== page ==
In Chinese, 尾宿 (Wěi Xiù), meaning Tail, refers to an asterism consisting of λ Scorpii, ε Scorpii, ζ1 Scorpii, ζ2 Scorpii, η Scorpii, θ Scorpii, ι1 Scorpii, ι2 Scorpii, κ Scorpii, μ1 Scorpii, and υ Scorpii.[12] Consequently, λ Scorpii itself is known as 尾宿八 (Wěi Xiù bā), "the Eighth Star of Tail".[13]

Together with υ Scorpii (Lesath), Shaula is listed in the Babylonian compendium MUL.APIN as dSharur4 u dShargaz, meaning "Sharur and Shargaz".[14]

In Coptic, they were called Minamref.[15]

The indigenous Boorong people of northwestern Victoria (Australia) named it (together with Upsilon Scorpii) as Karik Karik,[16] "the Falcons".[17]


Lambda Scorpii is located some 570 light-years away from the Sun.

Spectroscopic and interferometric observations have shown that it is actually a triple star system consisting of two B-type stars and a pre-main-sequence star.[5] The primary star is a Beta Cephei variable star with rapid brightness changes of about a hundredth of a magnitude.[8][18] The pre-main-sequence star has an orbital period of 6 days and the B companion has a period of 1053 days. The three stars lie in the same orbital plane, strongly suggesting that they were formed at the same time. The masses of the primary, pre-main-sequence star and the B companion are 14.5, 2.0 and 10.6 solar masses, respectively. The age of the system is estimated to be in the range 10–13 million years.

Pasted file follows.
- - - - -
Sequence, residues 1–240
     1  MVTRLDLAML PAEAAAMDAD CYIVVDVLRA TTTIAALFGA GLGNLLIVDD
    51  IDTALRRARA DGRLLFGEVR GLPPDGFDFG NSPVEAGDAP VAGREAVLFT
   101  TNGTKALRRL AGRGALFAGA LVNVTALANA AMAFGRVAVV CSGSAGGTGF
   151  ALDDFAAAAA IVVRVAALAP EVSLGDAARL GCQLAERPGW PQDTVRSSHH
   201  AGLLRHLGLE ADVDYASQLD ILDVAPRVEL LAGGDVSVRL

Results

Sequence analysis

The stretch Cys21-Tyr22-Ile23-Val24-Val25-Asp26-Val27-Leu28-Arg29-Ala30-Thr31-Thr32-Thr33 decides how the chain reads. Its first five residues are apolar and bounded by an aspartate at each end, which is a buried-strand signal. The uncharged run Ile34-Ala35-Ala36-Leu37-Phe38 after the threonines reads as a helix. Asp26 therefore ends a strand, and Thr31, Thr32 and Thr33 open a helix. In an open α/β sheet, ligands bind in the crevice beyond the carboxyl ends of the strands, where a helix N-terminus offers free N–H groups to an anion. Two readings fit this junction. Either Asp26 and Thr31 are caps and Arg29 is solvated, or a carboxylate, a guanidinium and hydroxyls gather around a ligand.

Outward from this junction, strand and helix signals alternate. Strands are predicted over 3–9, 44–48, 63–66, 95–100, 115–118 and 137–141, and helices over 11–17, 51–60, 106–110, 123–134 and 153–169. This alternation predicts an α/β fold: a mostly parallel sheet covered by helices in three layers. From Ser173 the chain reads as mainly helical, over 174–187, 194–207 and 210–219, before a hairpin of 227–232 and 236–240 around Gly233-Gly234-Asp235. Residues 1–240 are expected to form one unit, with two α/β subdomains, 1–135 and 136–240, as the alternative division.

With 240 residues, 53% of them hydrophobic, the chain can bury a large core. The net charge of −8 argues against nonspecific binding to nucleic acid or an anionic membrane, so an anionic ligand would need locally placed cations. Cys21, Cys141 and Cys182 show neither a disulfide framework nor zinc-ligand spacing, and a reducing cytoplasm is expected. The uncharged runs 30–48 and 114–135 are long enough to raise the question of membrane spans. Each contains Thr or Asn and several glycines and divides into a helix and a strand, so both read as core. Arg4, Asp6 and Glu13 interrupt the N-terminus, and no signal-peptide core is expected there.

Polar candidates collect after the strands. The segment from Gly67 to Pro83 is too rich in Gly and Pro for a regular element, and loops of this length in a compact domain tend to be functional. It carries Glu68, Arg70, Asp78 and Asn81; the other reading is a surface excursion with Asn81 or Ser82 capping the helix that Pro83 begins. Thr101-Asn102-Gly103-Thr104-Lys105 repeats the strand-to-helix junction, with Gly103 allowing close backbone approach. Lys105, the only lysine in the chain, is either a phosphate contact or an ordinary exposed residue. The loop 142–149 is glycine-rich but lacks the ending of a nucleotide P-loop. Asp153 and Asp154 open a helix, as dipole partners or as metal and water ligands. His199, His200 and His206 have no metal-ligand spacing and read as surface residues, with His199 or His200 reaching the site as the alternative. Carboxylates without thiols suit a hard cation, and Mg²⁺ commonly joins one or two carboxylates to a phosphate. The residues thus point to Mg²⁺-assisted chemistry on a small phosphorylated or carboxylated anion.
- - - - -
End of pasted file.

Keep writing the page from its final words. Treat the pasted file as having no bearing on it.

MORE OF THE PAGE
A 15th-magnitude star has a separation of 42 arcseconds, whereas a 12th-magnitude star is 95 arcseconds away. It is not known whether or not these components are physically associated with Lambda Scorpii. If they both were, the first would have a projected linear separation of approximately 7,500 astronomical units (AU) and the second approximately 17,000 AU (0.27 light-years) away.

In culture[edit]

Shaula appears on the flag of Brazil, symbolizing the state of Rio Grande do Norte.